SGS and Alibaba Both Ought to be Held Responsible for the Death of a Child Laborer

Recently, the Chinese media exposed an incident wherein a child laborer suddenly died on April 11th in Foshan, Guangdong. At the same time, the media has also put pressure on the Zhiya Undergarment Company for the moral and human rights questions in its employment of child labor. Upon conducting its own follow up and confirmation efforts, China Labor Watch also calls into question the veracity and social responsibility of the third party factory inspection carried out by the Alibaba operated SGS. Alibaba and its affiliate Alibaba Taofactory are one of the primary sources of orders for Zhiya. Alibaba and SGS’s factory inspection and examination are completely ineffective and surface level, paying little attention to the human rights situation and environment present at its suppliers, as well as lacking standards and norms.

According to reports, Zhiya has been approved as a “Quality Supplier” for Alibaba since 2012. Likewise, their factory also received the rigorous, on-site factory inspection from Alibaba Taofactory which verified “its trust based on the inspection carried out by the authoritative SGS organization”. This sudden death of a child laborer has exposed Alibaba and Zhiya’s mechanism for checking standards is unsound, as well as serious problems with transparency in the supply chain. The Alibaba Group’s understanding of supply chain management and social responsibility clearly lag behind modern standards. Even after this event, Zhiya Undergarment remains a “Quality Supplier” and even receives high approval as a supplier on its home page. From the present release of factory inspection reports of Zhiya we can see that Alibaba’s trust, and the many years of experience spent by SGS carrying out factory inspections have large holes in their efficacy. The inspections carried out by SGS focus on product quality, ignoring the human rights conditions. On Zhiya’s webpage on the Alibaba Platform, they recently released a factory inspection report that only noted that their management tools were improper (because they were not firmly established), but failed to make note of any other problems (report please see attachment).  China Labor Watch spoke to several workers at Zhiya who had been employed there for around 3-4 years, learning that the factory’s labor conditions and time worked by employees there had seen no change in recent years. For many years, SGS’s audits are at their same no different, they are hollow and are incapable of relaying the true situation in their reports.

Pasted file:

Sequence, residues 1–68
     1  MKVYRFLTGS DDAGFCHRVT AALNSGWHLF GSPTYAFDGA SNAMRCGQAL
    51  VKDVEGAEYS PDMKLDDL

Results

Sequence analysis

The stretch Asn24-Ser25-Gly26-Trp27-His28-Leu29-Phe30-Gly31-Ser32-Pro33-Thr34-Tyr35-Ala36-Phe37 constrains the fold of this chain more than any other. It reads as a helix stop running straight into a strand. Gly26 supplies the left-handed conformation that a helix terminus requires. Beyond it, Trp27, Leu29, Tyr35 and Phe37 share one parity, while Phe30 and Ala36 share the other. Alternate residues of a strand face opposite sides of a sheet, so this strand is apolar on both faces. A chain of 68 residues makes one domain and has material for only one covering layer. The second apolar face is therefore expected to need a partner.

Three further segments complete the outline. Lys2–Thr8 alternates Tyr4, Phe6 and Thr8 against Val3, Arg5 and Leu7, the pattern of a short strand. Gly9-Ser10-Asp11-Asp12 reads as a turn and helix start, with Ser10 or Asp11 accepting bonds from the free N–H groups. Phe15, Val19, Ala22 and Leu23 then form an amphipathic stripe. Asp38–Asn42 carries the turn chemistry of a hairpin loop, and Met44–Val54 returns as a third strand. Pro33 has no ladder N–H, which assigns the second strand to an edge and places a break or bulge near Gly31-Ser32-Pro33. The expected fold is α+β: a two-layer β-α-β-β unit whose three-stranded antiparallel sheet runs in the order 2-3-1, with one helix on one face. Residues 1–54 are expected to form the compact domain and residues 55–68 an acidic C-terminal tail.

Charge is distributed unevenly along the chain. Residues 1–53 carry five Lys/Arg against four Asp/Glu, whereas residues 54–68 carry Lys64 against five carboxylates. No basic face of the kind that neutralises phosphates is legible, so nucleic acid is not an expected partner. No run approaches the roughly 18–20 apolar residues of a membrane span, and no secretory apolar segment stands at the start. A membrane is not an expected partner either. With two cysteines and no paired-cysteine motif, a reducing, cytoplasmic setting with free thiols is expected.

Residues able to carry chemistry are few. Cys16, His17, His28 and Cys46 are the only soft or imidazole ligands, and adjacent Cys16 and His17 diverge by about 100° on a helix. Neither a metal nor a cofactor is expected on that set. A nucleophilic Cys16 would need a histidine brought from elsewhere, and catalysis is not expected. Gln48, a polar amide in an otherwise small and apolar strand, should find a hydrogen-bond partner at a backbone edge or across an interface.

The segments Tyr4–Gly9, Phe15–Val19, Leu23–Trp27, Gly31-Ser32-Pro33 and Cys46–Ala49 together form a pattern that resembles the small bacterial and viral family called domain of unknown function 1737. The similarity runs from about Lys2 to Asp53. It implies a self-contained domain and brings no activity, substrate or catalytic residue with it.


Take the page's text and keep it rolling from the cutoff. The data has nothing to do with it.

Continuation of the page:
The Director China Labor Watch, Li Qiang states that SGS and Alibaba both must shoulder the responsibility for this death of a child laborer. The holes in SGS’s auditing process as well as the inaction of the Alibaba Group were both contributors to the circumstances that resulted in the death of a child laborer. This is not merely the result of problems in the supplier’s treatment of its workers, but even more reflects the inaction of those higher up in the supply chain, who adhere to an ethos of putting on a highly formal, yet ineffective act of doing something. This reveals huge issues of social responsibility among stakeholders in this system. China Labor Watch strongly hopes that SGS and Alibaba will respond to the death of a child laborer in Foshan in an open manner.

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